There are lies, damned lies and advice about road conditions offered by locals. It may be dry season, and the creeks may be low, but I'm about to discover that the first 35km of road from Cape Tribulation to Cooktown (known as the Bloomfield Track) are not for the faint hearted.
The gravel road starts just out of Cape Tribulation village and there are warning signs that the road is for 4WD vehicles only. A few km into the drive I encounter the 1st creek crossing - Emmagen Creek. Crystal clear water and a rocky bottom – looks OK. ¾ of the way across (it's about knee deep), I'm distracted by the view upstream and deviate from the main route and suddenly find myself on loose river boulders rather than compacted stones. Result – the back wheel drops into a hole and the bike is stuck fast. Hung up on some large boulders with the back wheel spinning uselessly!
Fortunately the water is not fast flowing and the bike is securely lodged allowing me to dismount and unload all my gear and carry it to the far bank.
While I'm scratching my head wondering how I'm going to get out of this, a car turns up. Just a plain old sedan (an old front wheel drive SAAB). The driver (Richard) turns out to be an north American, who (although he has lived in the Cairns area for a couple of years) has decided to drive up the Bloomfield track for the 1st time in a borrowed car.
Long story short – while I sit on the bike to stop it from falling over, he removes the boulders that are keeping me stuck and we manage to get the bike out and up the slippery bank on the other side. My feelings are mixed at this stage. Relief that the bike is now safely across, mixed with trepidation about what lies ahead! Richard pushes on ahead while I repack the bike. “If he can make it in a front wheel drive sedan, then I can make it!” I tell myself. Onwards!
The next hour is the hardest riding I've ever done. I oscillate between feeling total terror and absolute exhilaration, my blood awash with adrenaline.
The track varies between wet creek crossings, steep (I mean VERY steep) ups and downs, dry dusty boulder strewn creek crossings and corrugated gravel. The very worst of the steep hills have concrete paving which helps. Total concentration required at all times, with little opportunity to enjoy the passing scenery. Most of the time I'm standing upon the pegs, which makes control of the bike a lot easier.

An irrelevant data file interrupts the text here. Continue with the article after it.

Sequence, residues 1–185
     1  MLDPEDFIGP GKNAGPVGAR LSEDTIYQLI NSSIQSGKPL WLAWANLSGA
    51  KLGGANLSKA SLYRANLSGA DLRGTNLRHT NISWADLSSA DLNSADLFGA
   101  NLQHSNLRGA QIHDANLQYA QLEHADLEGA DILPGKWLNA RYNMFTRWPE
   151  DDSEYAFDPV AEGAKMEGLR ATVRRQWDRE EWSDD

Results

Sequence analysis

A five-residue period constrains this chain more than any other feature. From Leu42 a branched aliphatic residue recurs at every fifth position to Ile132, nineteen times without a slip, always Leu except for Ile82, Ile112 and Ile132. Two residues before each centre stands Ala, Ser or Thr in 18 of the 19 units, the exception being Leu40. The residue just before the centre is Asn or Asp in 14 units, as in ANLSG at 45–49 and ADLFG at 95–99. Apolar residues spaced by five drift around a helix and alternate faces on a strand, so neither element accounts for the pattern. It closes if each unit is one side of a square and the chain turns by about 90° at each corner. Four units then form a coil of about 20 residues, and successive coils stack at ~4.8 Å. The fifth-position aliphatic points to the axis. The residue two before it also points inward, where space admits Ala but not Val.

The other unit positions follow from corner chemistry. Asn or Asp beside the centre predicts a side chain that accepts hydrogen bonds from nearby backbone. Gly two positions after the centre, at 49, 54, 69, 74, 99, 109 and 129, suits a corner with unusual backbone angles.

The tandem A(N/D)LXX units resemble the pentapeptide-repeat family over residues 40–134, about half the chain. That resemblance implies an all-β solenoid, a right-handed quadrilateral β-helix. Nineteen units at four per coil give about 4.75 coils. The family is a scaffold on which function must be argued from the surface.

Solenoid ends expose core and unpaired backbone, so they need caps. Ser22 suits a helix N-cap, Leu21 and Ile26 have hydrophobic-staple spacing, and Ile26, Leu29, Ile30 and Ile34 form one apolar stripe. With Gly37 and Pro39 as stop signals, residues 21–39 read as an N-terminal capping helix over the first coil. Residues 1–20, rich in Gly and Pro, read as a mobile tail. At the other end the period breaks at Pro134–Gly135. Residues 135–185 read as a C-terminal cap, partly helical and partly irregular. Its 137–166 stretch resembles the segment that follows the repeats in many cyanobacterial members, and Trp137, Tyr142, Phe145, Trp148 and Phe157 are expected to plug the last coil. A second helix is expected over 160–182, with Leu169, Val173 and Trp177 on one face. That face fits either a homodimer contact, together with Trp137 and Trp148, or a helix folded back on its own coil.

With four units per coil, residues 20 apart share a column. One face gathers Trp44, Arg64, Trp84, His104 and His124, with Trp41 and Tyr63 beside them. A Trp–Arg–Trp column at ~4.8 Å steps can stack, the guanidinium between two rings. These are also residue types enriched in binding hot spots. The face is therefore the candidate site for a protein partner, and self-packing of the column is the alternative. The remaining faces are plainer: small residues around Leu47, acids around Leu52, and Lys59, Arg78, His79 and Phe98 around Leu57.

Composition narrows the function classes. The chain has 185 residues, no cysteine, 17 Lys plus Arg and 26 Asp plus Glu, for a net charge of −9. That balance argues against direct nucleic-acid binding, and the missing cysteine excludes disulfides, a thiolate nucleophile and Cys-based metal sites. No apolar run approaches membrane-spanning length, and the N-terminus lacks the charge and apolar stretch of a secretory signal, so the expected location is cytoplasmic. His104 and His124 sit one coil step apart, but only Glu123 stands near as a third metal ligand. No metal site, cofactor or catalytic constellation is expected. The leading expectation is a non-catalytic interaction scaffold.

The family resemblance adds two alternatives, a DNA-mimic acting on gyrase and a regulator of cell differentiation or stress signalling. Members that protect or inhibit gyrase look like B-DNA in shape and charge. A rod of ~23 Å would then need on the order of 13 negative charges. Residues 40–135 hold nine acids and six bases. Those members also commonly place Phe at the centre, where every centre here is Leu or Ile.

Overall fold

I finally emerge from the 'track' at a small aboriginal community called Wajul Wajul where there is a brief section of sealed road, before it returns to gravel for the final kilometres back to the main Cooktown road.
Shortly before rejoining the main road, you pass through Rossville where the (apparently) world famous “The Lions Den Hotel” is located. (http://www.lionsdenhotel.com.au/). Stop for lunch and a cold drink. Find Richard – my American friend – having coffee and we exchange horror stories about the track. Then on to Cooktown – Richard says we'd probably run into one another again, as Cooktown only has one street (not true) and bugger all people.
Back on the sealed road, I pass the mysterious Black Mountain (http://www.cooktownandcapeyork.com/do/nature/np/black-mountain-national-park). A totally strange phenomena – a couple of mountains consisting entirely of very large black basalt boulders – the colour apparently caused by algae growing on the surface. Eerie!
In Cooktown I cruise up and down the main street, find a café and order coffee and cake. No sooner have I sat down on the veranda overlooking the street and the river mouth, than along comes Richard. I buy him another coffee as some compensation for his roadside assistance.
I find a camp site at the local caravan park, and as I'm pitching my tent, two motorbikes turn up. There has been a motorcycle rally up on Cape York, and these were a couple of Victorians making their way back to Cairns. They and their bikes are covered in the notorious red bull dust that plagues the roads all over Cape York.
Bruce and Tony tell me that they had their dirt bikes (Suzuki DR 650's) shipped up to Cairns on a trailer, then by barge up to the Torres Straits where they disembarked for the ride down to the Rally at Bramwell Station on the Old Telegraph Line Peninsular Road. Apparently over 200 bikes from all over Australia turned up.
When I tell them I came up the Bloomfield Track they shake their heads indicating they think I'm crazy to attempt it on such a large heavy bike, especially without knobbly tyres.
I head back up the road to the local supermarket for supplies and beer, while they set up their tents and have a shower to remove some of the red dust.
We spend an pleasant evening together. They plan a rest day in Cooktown before doing the Bloomfield Track as a short cut to back to Cairns. Good luck guys!
I'm heading back down to the Atherton Tablelands – hoping to hear from Marco that his bike has been cured of it's electrical problems.